The interviews, which comprised open-ended questions, were semi-structured, i.e. with support of an interview guide: an empty matrix with space for making notes, and the key-words past, present, and future along 1 axis, and events, thoughts, and feelings along the other axis (11). Entry questions were general and neutral, such as: How was your bowel function when you were a child? Follow-up questions aimed to explore all relevant problematic aspects, such as experiences from different time periods, and events, as well as related thoughts and feelings. All interviews were performed by the first author (VJ), a rehabilitation nurse trained to use this type of interviews, and clinically experienced but not involved with the group of subjects. The interviews were observed by an assistant (AA). The subjects chose the location for the interview, and most of the interviews took place at their homes, and some at the centre. The interviews, which lasted between 1.5 and 2.5 h, were recorded and transcribed ad verbum. Regarding the entire transcribed text, the senior author (MT), a Swedish specialist in rehabilitation medicine (15) teaching disability research (12), and familiar with Norwegian vocabulary, checked and approved the methodological quality of the interviewer’s questions, i.e. open-ended, neutral, exploring, singular, and clear (11).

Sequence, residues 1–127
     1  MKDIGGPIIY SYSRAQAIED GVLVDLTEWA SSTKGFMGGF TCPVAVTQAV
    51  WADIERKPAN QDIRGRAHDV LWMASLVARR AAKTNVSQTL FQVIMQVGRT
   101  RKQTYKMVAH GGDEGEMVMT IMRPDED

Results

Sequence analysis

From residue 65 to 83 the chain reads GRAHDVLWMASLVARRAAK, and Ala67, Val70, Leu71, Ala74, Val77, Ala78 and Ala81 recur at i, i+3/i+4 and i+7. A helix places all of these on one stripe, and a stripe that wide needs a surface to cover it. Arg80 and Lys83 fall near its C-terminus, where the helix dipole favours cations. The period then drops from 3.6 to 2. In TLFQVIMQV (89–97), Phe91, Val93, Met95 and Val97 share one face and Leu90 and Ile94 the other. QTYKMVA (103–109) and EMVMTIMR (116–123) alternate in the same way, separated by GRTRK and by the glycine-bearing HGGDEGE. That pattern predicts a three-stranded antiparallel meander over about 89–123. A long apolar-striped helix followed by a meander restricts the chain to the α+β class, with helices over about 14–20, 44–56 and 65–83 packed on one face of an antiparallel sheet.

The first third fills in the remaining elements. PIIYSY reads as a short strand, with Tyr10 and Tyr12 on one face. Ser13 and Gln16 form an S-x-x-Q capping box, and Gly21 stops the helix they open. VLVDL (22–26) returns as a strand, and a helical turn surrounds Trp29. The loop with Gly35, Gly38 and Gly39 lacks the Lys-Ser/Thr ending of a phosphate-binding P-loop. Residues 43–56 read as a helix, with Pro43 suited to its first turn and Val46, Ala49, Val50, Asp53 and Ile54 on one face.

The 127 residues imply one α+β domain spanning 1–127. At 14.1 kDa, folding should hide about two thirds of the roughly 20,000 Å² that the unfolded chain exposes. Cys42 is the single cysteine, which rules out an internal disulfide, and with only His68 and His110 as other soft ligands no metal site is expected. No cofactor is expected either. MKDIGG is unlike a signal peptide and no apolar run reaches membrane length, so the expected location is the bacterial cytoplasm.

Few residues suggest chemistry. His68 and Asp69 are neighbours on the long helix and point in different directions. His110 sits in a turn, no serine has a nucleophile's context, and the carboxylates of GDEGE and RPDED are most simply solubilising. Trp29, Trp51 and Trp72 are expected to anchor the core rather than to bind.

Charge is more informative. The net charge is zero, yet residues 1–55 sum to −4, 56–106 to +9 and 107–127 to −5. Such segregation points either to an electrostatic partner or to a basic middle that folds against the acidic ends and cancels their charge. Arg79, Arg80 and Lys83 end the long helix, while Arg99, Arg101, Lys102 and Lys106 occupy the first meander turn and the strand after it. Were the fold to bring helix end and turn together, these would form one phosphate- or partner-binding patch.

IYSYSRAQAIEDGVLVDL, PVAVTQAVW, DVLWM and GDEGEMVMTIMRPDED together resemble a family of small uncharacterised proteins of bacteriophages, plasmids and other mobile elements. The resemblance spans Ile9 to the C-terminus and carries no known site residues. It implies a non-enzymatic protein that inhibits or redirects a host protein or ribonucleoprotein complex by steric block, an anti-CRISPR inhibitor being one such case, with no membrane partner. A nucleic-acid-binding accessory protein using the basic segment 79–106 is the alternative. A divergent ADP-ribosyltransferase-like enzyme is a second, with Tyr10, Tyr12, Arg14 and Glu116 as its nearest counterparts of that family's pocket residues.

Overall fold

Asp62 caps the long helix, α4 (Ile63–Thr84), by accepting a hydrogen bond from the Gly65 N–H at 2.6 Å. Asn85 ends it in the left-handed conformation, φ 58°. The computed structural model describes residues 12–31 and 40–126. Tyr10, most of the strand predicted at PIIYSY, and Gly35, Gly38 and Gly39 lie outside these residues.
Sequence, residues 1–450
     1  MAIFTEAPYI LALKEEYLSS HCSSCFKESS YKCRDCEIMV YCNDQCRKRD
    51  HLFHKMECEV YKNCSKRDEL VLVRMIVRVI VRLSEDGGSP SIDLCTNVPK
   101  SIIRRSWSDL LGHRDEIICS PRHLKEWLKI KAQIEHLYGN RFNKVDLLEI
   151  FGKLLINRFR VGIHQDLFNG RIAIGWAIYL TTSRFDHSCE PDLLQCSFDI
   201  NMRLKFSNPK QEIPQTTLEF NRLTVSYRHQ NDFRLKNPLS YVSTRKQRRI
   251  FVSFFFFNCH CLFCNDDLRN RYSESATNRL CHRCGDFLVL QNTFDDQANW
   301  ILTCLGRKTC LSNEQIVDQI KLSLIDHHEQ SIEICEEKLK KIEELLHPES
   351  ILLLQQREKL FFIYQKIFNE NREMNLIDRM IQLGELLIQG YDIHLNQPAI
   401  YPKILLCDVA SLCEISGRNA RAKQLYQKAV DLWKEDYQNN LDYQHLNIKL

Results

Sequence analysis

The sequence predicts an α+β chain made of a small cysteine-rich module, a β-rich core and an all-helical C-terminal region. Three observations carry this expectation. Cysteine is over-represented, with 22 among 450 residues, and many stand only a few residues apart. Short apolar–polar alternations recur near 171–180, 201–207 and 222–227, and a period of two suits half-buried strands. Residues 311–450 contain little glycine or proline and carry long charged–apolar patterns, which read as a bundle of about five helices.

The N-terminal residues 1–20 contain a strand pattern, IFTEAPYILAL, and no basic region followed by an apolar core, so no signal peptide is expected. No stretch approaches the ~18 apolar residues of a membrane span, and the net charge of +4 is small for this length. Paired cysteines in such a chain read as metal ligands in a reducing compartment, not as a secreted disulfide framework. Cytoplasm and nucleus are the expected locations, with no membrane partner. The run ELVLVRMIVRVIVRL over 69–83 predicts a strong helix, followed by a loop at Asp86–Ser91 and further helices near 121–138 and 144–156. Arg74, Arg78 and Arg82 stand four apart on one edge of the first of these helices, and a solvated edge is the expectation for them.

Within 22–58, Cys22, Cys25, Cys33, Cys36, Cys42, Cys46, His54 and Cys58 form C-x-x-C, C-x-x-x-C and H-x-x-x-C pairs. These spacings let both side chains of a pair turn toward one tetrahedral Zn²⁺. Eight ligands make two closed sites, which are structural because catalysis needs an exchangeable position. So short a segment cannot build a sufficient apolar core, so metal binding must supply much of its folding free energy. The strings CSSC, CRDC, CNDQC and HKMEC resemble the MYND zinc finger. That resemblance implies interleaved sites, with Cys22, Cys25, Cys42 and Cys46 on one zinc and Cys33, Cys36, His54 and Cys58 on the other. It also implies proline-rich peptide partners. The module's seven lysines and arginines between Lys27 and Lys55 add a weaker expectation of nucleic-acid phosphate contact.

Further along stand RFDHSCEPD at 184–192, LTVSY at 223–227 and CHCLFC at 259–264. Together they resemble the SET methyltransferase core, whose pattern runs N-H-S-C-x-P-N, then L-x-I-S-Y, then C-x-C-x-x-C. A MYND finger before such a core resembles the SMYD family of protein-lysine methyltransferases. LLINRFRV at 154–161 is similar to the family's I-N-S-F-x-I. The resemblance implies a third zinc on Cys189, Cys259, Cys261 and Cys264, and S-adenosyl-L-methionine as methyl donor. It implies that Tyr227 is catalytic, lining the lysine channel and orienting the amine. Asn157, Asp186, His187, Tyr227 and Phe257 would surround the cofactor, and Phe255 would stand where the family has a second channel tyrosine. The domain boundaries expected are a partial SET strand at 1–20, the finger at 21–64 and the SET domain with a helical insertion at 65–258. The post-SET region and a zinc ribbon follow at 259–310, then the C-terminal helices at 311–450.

The transcribed text was analysed by the interviewer and the senior author. The analysis started as soon as the first interview was completed and was performed in parallel with the rest of the interviews. Firstly, the transcripts were read repeatedly in order to become familiar with the text. Secondly, the content of the text was identified via descriptive codes. With respect to each interview text, that step was performed first by each author independently, and later together, and by alternating between reading the material as openly as possible and actively asking questions about it. The codes were discussed until agreement was reached. After that second step, the program QSR NUD*IST version 4 (QSR International Pty Ltd 2007, Victoria, Australia) was used for practical handling of the coded and sorted text. Thirdly, the content was discussed and interpreted in terms of descriptions, issues, and more general issues. The suggested descriptions and issues were checked and adjusted repeatedly against the transcribed text. After that, the assistant who had observed the interviews read the descriptions and approved that they corresponded with what had been related by the subjects. Finally, a member of the project group (ES) who had SB and who was appointed by the Norwegian Association for Spina Bifida and Hydrocephalus scrutinized and approved the validity of the descriptions and issues, by comparing it with the original transcribed, coded, and sorted text.